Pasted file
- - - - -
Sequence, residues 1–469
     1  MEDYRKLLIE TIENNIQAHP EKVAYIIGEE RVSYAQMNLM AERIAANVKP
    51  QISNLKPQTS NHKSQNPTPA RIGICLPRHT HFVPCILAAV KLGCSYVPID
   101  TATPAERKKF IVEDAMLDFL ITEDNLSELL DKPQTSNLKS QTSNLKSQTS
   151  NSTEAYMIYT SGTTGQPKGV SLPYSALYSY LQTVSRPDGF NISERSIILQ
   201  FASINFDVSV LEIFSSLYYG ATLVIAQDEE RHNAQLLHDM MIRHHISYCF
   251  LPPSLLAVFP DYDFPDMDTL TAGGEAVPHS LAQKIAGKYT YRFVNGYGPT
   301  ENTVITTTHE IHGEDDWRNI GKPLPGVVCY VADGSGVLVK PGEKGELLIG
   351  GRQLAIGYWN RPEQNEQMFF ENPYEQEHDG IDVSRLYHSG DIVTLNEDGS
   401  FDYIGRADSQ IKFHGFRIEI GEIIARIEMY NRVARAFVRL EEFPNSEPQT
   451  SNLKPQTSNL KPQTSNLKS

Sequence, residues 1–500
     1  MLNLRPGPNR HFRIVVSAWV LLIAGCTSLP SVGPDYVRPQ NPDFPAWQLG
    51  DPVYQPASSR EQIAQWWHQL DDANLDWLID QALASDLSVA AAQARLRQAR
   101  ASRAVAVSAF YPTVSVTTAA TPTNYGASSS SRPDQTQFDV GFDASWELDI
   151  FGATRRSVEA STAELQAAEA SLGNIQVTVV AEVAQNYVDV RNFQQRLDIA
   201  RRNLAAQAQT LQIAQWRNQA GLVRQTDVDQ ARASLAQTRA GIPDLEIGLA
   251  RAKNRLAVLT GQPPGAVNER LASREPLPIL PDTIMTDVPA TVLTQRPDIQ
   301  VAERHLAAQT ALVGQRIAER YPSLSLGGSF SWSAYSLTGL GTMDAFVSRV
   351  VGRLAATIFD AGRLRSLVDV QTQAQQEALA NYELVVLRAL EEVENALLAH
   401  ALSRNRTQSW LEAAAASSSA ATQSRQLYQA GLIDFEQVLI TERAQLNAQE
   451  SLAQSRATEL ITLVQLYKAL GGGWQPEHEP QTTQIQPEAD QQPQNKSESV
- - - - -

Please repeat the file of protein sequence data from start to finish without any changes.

Sequence, residues 1–469
     1  MEDYRKLLIE TIENNIQAHP EKVAYIIGEE RVSYAQMNLM AERIAANVKP
    51  QISNLKPQTS NHKSQNPTPA RIGICLPRHT HFVPCILAAV KLGCSYVPID
   101  TATPAERKKF IVEDAMLDFL ITEDNLSELL DKPQTSNLKS QTSNLKSQTS
   151  NSTEAYMIYT SGTTGQPKGV SLPYSALYSY LQTVSRPDGF NISERSIILQ
   201  FASINFDVSV LEIFSSLYYG ATLVIAQDEE RHNAQLLHDM MIRHHISYCF
   251  LPPSLLAVFP DYDFPDMDTL TAGGEAVPHS LAQKIAGKYT YRFVNGYGPT
   301  ENTVITTTHE IHGEDDWRNI GKPLPGVVCY VADGSGVLVK PGEKGELLIG
   351  GRQLAIGYWN RPEQNEQMFF ENPYEQEHDG IDVSRLYHSG DIVTLNEDGS
   401  FDYIGRADSQ IKFHGFRIEI GEIIARIEMY NRVARAFVRL EEFPNSEPQT
   451  SNLKPQTSNL KPQTSNLKS

Sequence, residues 1–500
     1  MLNLRPGPNR HFRIVVSAWV LLIAGCTSLP SVGPDYVRPQ NPDFPAWQLG
    51  DPVYQPASSR EQIAQWWHQL DDANLDWLID QALASDLSVA AAQARLRQAR
   101  ASRAVAVSAF YPTVSVTTAA TPTNYGASSS SRPDQTQFDV GFDASWELDI
   151  FGATRRSVEA STAELQAAEA SLGNIQVTVV AEVAQNYVDV RNFQQRLDIA
   201  RRNLAAQAQT LQIAQWRNQA GLVRQTDVDQ ARASLAQTRA GIPDLEIGLA
   251  RAKNRLAVLT GQPPGAVNER LASREPLPIL PDTIMTDVPA TVLTQRPDIQ
   301  VAERHLAAQT ALVGQRIAER YPSLSLGGSF SWSAYSLTGL GTMDAFVSRV
   351  VGRLAATIFD AGRLRSLVDV QTQAQQEALA NYELVVLRAL EEVENALLAH
   401  ALSRNRTQSW LEAAAASSSA ATQSRQLYQA GLIDFEQVLI TERAQLNAQE
   451  SLAQSRATEL ITLVQLYKAL GGGWQPEHEP QTTQIQPEAD QQPQNKSESV